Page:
In scientific investigations there are three types of variable - key independent variable (what you change), dependent variable (what you measure) and the controlled variables (factors you control to ensure they are the same throughout your experiment to make it fair). This GCSE Biology quiz is all about the third type.Types of Variables Quiz - Rapid Revision for GCSE Biology
Controlled variables make sure that your experiment is a fair test, but sometimes you may miss one of the control variables. When this happens the results and conclusion may not be fully reliable. At other times, some important variables may be outside of your control or be extremely difficult to control. In some cases, changes in a variable that have not been measured could actually be the cause of changes in the dependent variable. This can lead to a false correlation between the variables you studied but this is rare. Where you do identify a control variable outside of your control, you should at least try to monitor it. That way, you can probably spot if it has had an effect on the results even if you can't measure it.
Experiments in biology are actually very difficult to control completely. Take the study of "Does adding fertiliser make a plant grow bigger?". For a start, there are many different fertilisers so the results could differ from one to another. You would need to do many different experiments. The plants you use is a variable that needs to be controlled so you use the same type of plant in all of your tests. But genetics of each plant should also be controlled by using clones. Even if you did use cloned plants, there are other factors that should be controlled to ensure a fair test, like using the same soil. same size pot, same amount of light and temperature and some other factors too.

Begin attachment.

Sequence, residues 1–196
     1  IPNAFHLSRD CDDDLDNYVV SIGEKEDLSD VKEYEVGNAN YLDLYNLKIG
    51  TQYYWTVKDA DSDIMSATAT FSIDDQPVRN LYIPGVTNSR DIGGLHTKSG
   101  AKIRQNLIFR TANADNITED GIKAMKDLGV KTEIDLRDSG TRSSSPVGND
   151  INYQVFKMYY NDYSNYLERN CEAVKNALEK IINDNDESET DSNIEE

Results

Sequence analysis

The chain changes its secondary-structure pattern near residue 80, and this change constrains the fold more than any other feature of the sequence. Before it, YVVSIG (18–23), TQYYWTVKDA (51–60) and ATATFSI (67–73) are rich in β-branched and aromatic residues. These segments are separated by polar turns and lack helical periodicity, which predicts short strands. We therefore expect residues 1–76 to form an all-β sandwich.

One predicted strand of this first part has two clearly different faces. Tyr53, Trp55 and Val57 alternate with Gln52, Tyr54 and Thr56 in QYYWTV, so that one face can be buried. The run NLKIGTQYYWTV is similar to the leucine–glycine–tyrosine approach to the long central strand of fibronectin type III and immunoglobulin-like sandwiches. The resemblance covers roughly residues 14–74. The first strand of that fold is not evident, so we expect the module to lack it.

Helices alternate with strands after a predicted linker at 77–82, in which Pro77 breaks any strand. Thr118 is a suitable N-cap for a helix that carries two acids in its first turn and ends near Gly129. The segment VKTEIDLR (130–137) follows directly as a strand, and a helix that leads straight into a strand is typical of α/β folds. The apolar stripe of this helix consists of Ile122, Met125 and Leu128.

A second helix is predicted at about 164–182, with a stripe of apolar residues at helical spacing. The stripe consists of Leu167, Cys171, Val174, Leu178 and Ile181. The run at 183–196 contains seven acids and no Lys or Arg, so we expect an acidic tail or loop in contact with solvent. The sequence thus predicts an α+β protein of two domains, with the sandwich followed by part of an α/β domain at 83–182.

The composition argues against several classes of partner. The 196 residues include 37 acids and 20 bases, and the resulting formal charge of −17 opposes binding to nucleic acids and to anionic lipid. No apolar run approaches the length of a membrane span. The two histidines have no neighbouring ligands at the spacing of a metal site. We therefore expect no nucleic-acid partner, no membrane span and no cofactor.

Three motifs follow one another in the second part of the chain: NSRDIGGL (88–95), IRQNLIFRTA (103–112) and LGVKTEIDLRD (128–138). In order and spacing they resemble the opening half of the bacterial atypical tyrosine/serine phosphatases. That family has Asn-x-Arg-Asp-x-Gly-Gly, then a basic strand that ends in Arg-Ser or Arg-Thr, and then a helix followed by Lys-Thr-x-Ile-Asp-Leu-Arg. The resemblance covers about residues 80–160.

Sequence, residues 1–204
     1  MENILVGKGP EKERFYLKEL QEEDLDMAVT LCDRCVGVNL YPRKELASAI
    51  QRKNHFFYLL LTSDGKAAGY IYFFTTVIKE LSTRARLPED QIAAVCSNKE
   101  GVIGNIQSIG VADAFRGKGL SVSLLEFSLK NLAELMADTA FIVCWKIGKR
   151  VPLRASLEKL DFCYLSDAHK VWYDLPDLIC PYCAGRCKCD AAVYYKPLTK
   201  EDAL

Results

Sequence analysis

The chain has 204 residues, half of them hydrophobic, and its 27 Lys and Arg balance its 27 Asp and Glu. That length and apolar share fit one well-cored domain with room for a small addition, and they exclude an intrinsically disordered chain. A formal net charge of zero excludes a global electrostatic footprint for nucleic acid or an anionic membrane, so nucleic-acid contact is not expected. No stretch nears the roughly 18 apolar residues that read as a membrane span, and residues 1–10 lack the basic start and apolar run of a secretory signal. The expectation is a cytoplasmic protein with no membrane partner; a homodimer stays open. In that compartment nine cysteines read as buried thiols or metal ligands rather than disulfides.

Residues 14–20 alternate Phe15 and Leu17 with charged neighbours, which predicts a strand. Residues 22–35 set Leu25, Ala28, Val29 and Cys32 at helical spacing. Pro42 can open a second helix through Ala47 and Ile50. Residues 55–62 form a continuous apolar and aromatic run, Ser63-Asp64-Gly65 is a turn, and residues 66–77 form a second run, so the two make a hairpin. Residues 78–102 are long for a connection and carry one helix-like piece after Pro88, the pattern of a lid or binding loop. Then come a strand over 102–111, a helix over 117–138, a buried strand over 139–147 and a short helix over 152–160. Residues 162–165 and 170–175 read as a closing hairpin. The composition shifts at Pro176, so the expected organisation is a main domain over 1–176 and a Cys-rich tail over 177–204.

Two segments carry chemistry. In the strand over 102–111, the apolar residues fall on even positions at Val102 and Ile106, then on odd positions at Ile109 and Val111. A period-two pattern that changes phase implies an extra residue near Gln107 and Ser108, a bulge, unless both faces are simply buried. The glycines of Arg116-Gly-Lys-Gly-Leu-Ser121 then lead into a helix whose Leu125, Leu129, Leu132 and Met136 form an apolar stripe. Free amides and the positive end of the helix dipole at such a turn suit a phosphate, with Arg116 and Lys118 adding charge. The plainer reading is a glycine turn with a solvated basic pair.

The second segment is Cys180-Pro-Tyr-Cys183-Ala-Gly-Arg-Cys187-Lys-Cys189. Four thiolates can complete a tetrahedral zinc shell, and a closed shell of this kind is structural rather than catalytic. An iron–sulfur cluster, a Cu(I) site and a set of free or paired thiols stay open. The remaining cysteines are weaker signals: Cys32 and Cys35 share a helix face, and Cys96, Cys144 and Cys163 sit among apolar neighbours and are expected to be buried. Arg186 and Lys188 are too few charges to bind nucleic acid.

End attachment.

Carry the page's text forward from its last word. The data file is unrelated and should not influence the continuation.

The conclusions that you draw from any biological experiment should show that you understand this and suggest some of the places that inaccuracy could have come into your experiment through no fault of your own. To overcome this, professional scientists repeat experiments many, many times so that they can 'average' the results. This helps to reduce any inaccuracies caused by the controlled variables.